MAY 10, 2019

Patient Partner News: Fostering Stakeholder Engagement Using Narratives

The MyPaTH Story Booth project aims to help researchers understand the perspectives of patients and caregivers facing illness or who have difficulty accessing health care – so that they can develop more patient-centered research questions. The project also hopes to foster introductions between researchers and patients/caregivers that can lead to meaningful relationships where patients and researchers partner as members of the research team. Over 430 stories have been collected to date by teams at two PaTH sites, the University of Pittsburgh and Johns Hopkins University.

In 2018, the Story Booth project received a PCORI Eugene Washington Engagement Award to expand the scope of the project by developing a stakeholder-informed public website where stories can be shared and patients are empowered to learn about potential research collaborations. On October 16 and 17, 2018, physicians, researchers, patient partners, professors, and community organization leaders from around the country gathered to discuss how to create a vibrant online community that fosters story sharing and the development of stakeholder-engaged research teams. Partnering community groups included the Institute for Patient and Family-Centered Care (IPFCC), Healthy African American Families (HAAF), the Obesity Action Coalition, and ACHIEVA/The ARC of Western Pennsylvania among others. Ms. Lia Hotchkiss attended from PCORI and participants from PaTH affiliates included Dr. Jennifer Kraschnewski from Penn State, Ms. Lilly Su from Johns Hopkins, and Ms. Cara Nikolajski from the UPMC Health Plan.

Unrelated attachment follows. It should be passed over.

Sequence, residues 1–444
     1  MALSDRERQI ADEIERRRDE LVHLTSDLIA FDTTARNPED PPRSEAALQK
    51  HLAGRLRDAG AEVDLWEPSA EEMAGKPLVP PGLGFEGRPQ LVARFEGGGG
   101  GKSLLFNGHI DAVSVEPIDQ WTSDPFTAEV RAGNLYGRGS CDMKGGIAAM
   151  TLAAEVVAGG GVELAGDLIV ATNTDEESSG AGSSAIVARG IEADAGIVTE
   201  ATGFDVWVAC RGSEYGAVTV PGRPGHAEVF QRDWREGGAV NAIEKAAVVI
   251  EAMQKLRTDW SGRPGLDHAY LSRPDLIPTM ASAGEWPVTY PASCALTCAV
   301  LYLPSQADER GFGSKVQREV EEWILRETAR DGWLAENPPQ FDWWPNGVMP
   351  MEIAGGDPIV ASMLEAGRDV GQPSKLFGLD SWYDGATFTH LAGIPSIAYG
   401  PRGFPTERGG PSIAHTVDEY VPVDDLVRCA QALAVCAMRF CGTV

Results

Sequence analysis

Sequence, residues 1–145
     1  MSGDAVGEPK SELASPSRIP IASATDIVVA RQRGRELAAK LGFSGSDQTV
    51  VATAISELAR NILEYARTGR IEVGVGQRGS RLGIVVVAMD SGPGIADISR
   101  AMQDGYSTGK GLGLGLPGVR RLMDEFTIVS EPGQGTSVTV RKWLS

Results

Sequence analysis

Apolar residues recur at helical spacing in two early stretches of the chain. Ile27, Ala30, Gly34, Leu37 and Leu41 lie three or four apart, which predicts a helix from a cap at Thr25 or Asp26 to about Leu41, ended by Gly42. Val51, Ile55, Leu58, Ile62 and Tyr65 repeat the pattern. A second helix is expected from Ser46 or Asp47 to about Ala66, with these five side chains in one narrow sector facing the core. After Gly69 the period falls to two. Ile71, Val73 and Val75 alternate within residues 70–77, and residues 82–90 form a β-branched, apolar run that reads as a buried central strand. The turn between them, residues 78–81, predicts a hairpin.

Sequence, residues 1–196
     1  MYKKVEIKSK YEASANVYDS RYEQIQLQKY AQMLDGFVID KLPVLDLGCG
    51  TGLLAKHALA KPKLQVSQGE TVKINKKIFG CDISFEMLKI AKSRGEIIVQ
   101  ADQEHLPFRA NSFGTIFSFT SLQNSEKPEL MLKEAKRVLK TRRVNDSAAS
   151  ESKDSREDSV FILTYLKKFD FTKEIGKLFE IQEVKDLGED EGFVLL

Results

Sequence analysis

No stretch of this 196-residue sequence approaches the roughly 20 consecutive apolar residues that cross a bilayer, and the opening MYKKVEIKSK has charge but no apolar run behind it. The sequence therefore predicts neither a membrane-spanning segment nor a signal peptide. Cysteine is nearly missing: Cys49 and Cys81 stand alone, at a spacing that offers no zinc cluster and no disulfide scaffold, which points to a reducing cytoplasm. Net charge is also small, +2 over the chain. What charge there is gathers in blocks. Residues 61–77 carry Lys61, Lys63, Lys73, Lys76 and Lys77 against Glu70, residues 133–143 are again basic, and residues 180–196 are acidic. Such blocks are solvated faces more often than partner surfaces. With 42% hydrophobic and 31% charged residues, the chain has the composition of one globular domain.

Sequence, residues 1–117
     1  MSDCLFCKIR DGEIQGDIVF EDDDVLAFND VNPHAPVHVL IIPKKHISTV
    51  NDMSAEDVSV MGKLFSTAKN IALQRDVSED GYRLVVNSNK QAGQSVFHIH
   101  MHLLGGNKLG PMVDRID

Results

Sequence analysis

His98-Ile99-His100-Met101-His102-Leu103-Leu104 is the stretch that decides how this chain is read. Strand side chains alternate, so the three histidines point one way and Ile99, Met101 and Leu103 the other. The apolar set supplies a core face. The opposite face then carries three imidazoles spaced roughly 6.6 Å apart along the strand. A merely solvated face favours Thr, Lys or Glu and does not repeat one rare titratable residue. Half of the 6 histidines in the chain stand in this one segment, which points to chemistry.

Web design firm Dezudio was on-hand to lead a collaborative design effort. Interactive exercises explored various web frameworks to gauge how their elements could add value to the Story Booth website. The workshop also delved into what it means to support stakeholder engaged research, explored issues of diversity and privacy, and considered common pitfalls of website design.

Day two focused on the wonderful work of the My Legacy project of StoryCorps – a nonprofit organization whose mission is to provide people of all backgrounds with the opportunity to record, share, and preserve their story. Maura Johnson led the workshop, which focused on StoryCorps’ work on how to elicit meaningful storytelling. Elements of great storytelling, interview best practices, interview tips, recruitment strategies, and diversity were all explored. Maura left us with a better understanding of how to collect and share meaningful stories.

Overall this event was a successful step in the future of the MyPaTH Story Booth. Web designers and programmers will continue to work with stakeholders in 2019 as story collection continues, and we are excited to see where the project will go. Be sure to stay tuned for updates!

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